Island County awarded grants to 13 nonprofits to promote tourism using lodging tax fund in 2017.
The process for awarding these grants was different this year, and so was what happened after the grants were already awarded. Commissioner Helen Price Johnson, chair of the Lodging Tax Advisory Committee, wrote a letter on behalf of the committee to some of the awardees and asked if they’d be willing to donate some of the funding back.
“This year marked significant improvement in the LTAC scoring process for Island County,” the letter states. “However, as the LTAC committee compiled the scores and ranked the grant awards, they were frustrated with their self-imposed ‘all or nothing’ policy, as so many worthy projects were left with nothing.”
The committee’s new policy meant that applicants would either receive their entire funding request, or nothing at all. Only $266,000 of the total $387,000 requested was able to be awarded, leaving 13 applicants with no funding.
Lynda Eccles, executive director of the Coupeville Chamber of Commerce, was surprised when she received the letter. The Coupeville chamber had received $34,717, which it relies on to operate its visitor center. She regretted that some organizations didn’t get funding, but felt that it was unfair to the awardees to change the process after already awarding the funds. She said the process for awarding grants should be revisited again, perhaps changing the “all or nothing” policy.
However, she and the chamber still agreed to give back $460.
The Oak Harbor Chamber of Commerce also agreed to give back some of its original $30,600 grant. Christine Cribb, executive director for the Oak Harbor chamber, said the process for awarding these grant funds has changed every year in the four years she’s been applying, so she wasn’t entirely surprised it changed again this year.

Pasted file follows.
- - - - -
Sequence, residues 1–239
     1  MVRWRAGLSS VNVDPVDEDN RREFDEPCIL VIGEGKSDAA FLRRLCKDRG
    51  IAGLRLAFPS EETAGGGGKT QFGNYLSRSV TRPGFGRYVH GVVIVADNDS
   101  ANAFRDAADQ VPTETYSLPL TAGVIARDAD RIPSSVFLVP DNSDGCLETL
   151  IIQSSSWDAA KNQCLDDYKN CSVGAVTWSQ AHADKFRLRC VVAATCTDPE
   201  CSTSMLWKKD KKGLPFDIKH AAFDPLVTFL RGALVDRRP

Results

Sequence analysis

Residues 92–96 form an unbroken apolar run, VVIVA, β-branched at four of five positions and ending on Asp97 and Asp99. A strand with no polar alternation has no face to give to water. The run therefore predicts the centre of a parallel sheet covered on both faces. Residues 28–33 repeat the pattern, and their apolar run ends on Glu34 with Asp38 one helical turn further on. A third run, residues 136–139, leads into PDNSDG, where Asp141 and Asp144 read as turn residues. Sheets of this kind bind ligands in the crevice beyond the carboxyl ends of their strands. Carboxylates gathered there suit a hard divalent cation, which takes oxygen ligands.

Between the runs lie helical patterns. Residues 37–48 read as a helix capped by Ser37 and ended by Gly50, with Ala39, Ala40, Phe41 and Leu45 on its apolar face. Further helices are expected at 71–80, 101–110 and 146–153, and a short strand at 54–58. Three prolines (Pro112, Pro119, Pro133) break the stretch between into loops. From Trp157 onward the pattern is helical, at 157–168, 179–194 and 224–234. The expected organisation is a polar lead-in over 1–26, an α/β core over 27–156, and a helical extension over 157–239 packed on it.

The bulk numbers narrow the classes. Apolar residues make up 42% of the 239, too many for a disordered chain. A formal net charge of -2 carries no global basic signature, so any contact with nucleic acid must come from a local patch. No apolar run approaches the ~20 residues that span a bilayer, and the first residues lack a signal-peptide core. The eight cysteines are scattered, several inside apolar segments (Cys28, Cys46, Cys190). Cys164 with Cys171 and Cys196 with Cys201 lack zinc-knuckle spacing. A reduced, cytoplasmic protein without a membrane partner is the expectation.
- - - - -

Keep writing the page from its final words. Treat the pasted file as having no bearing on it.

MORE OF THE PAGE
The Oak Harbor chamber agreed to give back $11,000, although Cribb said it had not yet been decided where the cuts will be made to compensate.
The Ebey’s Landing Trust Board offered up $3,000 of its original $15,000 grant. The county is still waiting to hear back from some of the awardees, according to Price Johnson.
Price Johnson said the committee understands that each organization will have a different capacity to be able to give back some of their grant, and it doesn’t expect all of them to do so. With the redistribution of funds, some of the organizations will still end up with no funding and those that do receive some later will get less than they initially asked for, she said.
The Lodging Tax Advisory Committee met recently to determine how to proceed and will be looking at updating the policy again in March.
“The process is not delivering the results that everybody would like, so let’s take a look at it so that it does,” said Price Johnson.